The one-day shutdown and picketing activated talks about safety. Perini agreed to address the union’s concerns, which included a safety assessment of the work site, on-site training for all construction workers and full access to the project for union and safety officials.
While trade unions and workers were busy expressing outrage about the lack of safety, a few of their peers raised an issue about worker responsibility.
Ten construction workers were observed by a Review-Journal reporter and photographer consuming alcohol before entering the CityCenter site. Perini expressed shock at the photos, quickly working with subcontractors to terminate all the workers who could be identified in the photos.
Perini officials and union leaders refused to discuss CityCenter last week.
Some analysts have questioned whether CityCenter should have been built in phases, which would have helped manage costs and construction issues.
Murren said that would have gutted the entire vision of CityCenter.
"How do you create an environment in phases?" Murren asked. "What do you do? Create a beautiful casino resort and have signs around the rest of the campus saying, ‘Coming Soon’? You just can’t do that."
Even with the challenges, CityCenter has already achieved milestones.
Every component of CityCenter received Leadership in Energy and Environmental Design Gold Certification from the U.S. Green Building Council, making the project America’s largest sustainable development.
Contact reporter Howard Stutz at firstname.lastname@example.org or 702-477-3871. Contact reporter Arnold M. Knightly at email@example.com or 702-477-3893.Construction deaths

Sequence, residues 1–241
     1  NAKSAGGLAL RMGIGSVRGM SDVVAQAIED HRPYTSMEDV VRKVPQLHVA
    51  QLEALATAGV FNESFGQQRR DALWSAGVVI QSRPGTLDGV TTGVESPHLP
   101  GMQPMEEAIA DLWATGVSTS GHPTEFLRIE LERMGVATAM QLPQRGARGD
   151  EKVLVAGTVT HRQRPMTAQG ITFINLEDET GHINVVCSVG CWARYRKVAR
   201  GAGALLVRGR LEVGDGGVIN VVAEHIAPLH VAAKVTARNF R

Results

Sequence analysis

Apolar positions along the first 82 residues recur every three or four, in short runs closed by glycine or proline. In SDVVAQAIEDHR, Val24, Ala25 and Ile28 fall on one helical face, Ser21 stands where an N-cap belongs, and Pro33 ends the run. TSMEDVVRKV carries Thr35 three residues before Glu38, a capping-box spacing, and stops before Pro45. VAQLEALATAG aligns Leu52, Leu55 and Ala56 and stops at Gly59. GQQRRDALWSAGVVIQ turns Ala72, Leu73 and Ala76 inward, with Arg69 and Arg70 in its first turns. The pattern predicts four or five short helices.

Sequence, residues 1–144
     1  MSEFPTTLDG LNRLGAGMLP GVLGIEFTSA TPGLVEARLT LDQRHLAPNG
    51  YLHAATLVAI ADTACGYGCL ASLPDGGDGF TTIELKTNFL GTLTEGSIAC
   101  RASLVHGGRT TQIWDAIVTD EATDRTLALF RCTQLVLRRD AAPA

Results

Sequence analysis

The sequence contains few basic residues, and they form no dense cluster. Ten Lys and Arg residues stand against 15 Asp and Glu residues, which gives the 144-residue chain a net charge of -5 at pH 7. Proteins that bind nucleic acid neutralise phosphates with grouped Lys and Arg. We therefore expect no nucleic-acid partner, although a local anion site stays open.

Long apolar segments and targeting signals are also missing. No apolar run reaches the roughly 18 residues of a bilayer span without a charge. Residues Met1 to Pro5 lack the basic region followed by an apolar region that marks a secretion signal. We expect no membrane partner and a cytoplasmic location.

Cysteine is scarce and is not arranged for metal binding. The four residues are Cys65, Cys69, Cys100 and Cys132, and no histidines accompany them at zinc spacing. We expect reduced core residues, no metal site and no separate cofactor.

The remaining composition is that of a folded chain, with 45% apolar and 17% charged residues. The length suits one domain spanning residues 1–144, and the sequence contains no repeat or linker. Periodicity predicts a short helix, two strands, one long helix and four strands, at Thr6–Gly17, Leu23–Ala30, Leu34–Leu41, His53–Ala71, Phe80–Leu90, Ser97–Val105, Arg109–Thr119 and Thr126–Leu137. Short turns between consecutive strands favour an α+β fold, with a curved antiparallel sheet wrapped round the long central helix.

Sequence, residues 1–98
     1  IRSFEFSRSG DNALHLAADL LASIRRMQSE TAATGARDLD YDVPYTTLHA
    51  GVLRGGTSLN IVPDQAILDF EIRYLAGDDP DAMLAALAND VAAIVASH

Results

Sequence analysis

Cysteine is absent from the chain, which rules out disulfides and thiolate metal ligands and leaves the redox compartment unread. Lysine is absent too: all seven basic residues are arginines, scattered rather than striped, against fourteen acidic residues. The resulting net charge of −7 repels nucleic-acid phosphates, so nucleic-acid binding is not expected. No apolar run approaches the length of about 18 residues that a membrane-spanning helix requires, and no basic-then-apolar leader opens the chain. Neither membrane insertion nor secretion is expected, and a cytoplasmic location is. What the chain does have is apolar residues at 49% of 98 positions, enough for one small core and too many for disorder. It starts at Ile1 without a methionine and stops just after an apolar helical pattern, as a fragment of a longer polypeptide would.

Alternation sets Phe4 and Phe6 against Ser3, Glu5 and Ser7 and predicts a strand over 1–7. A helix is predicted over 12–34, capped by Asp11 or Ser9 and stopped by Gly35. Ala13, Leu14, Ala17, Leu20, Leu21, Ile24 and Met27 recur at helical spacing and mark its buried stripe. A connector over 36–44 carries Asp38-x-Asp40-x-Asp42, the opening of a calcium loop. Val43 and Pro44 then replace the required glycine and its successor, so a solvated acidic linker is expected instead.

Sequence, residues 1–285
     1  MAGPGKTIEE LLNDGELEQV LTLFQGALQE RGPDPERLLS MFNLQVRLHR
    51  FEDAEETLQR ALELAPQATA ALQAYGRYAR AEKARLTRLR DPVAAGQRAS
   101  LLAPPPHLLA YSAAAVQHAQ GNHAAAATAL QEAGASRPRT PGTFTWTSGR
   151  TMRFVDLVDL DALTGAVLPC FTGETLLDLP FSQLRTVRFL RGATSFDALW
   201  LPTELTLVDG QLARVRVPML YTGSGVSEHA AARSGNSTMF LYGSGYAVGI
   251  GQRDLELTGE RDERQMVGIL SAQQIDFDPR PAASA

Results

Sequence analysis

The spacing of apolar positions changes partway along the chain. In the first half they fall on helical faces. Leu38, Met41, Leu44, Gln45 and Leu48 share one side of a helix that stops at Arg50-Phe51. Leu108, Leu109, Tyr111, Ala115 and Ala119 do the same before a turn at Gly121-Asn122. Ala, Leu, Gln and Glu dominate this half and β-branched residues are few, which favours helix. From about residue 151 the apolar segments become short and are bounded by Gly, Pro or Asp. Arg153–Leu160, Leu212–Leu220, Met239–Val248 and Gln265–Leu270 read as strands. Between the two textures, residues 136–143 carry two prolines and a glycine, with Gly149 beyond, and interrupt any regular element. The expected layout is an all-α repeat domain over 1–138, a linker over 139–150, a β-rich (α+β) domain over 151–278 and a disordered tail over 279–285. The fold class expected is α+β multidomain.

Feb. 6, 2007, Bobby Lee Tohannie, 40, carpenter. One of two workers killed when two 3,000-pound steel concrete forms collapsed.
Feb. 6, 2007, Angel Hernandez, 24, carpenter. One of two workers killed when two 3,000-pound steel concrete forms collapsed.
Aug. 9, 2007, Harvey Englander, 65, operating engineer. Killed while leaning over a construction elevator and struck by elevator’s counter-weight system.
Oct. 5, 2007, Harold Billingsley Jr., 46, ironworker. Fell 59 feet through 3-foot by 11-foot opening.
April 26, 2008, Mark Wescoat, 47, electrician. Fell from 27th to 25th floor of the project, allegedly while trying to jump a 3-foot gap from a beam to a floor section.
May 31, 2008, Dustin Tarter, 39, crane oiler. Crushed by crane.
The deaths at CityCenter were not an isolated incident. Between December 2005 and June 2008, six workers died while on Strip construction sites for Echelon, Cosmopolitan, Trump International, Palazzo and Fontainebleau.